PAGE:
Phishing only benefits bad guys if they gain access to the data they steal. That means there are clues in the client’s outbound traffic that can signal a security breach. Data or credentials aren’t compromised until after they leave the point of origin, and if destination traffic patterns show an increase in activity, particularly encrypted traffic, that’s a good indication that what’s coming down the chimney might not be big, fat, red and jolly. But for an organization that doesn’t have the capability of monitoring for this type of traffic anomaly, Synoptek’s preferred client-side anti-evasion Services can help keep Cindy Lou Who safe and tucked in her bed!

Also, our friends at the Federal Trade Commission remind us that we should protect our accounts by using multi-factor authentication. Some accounts offer extra security by requiring two or more credentials to log in to an account. This is called multi-factor authentication. The additional credentials you need to log in to your account fall into two categories:

  • Something you have – a passcode you get via text message or an authentication app.
  • Something you are – a scan of your fingerprint or your eye.

Multi-factor authentication is often just enough trouble to keep the bad guys from continuing to chase you, forcing them to do their caroling down the road.

That’s not Jacob Marley Knocking!

We should all be a bit more leery of providing sensitive financial information online. But as long as you are making a transaction through a secure website, there shouldn’t be a problem:

  • Be sure you know who you’re dealing with BEFORE you submit any information (does that URL begin with “https”, and is there a closed lock icon near the address bar?).
  • For an extra measure (and to make sure there’s no phantom door-knockers), check for the site’s security certificate. If you get a message stating a certain website may contain malicious files, do not open that website!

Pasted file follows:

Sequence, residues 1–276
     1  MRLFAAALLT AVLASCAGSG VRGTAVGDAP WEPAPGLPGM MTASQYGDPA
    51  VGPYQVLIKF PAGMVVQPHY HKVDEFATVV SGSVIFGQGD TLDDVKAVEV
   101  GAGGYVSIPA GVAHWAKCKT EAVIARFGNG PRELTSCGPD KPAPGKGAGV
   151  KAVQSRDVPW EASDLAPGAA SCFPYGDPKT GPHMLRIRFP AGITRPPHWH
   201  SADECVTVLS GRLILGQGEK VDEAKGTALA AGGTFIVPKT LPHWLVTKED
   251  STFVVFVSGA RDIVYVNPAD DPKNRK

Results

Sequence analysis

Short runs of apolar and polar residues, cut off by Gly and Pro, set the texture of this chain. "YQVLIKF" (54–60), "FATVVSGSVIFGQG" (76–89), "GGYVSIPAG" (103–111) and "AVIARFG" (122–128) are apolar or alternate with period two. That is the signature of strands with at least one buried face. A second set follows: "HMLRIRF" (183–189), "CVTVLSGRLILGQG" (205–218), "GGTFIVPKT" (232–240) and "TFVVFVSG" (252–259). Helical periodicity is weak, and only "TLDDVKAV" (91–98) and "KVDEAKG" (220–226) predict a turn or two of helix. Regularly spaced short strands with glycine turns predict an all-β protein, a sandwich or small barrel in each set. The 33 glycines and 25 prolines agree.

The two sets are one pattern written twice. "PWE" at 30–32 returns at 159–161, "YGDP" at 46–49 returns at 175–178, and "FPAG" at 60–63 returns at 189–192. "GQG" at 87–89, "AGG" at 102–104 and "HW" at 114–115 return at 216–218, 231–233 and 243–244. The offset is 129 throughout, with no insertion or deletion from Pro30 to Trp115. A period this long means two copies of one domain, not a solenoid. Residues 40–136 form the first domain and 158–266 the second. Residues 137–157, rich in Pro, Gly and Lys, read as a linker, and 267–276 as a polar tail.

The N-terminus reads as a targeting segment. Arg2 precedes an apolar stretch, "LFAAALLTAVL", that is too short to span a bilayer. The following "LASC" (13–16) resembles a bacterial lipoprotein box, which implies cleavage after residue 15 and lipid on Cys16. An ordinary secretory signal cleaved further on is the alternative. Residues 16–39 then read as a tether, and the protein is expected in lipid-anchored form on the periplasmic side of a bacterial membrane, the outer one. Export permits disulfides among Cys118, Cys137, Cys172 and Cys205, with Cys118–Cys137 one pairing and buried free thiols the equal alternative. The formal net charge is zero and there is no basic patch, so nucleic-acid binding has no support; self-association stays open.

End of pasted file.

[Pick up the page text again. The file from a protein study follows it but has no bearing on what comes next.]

• Never download files from suspicious emails or websites. Even search engines may show certain links that may direct users to a phishing page that offers cheap products. Once you make a purchase at such a website, your credit card details will be on the open market with the cybercriminals.

What Happens when It Happens…

If you fall for the bait (and we all do at one point  or another), whether e-mail or text message, report it. The information you give can help fight the scammers.

  • If you think a scammer has your information, like your Social Security, credit card, or bank account number, go to IdentityTheft.gov. There you’ll see the specific steps to take based on the information that you lost.
  • If you think you clicked on a link or opened an attachment that downloaded harmful software, update your computer’s security software.
  • Contact your Synoptek Client Representative and schedule a Security Assessment and possible follow-up with a Security Scan.
  • you got a phishing email, forward it to the FTC at spam@uce.gov and to the Anti-Phishing Working Group at reportphishing@apwg.org. If you got a phishing text message, forward it to SPAM (7726).
  • Report the phishing attack to the FTC at ftc.gov/complaint.
  • And then call Synoptek. We’ve got people who can help!

While the holiday season is a great time to exchange gifts, some things are better left remaining in the crate. That “Major Award” might get you more than just a leg lamp in a box marked, “Frah-jee-lay”—and hopefully no one gets an eye put out!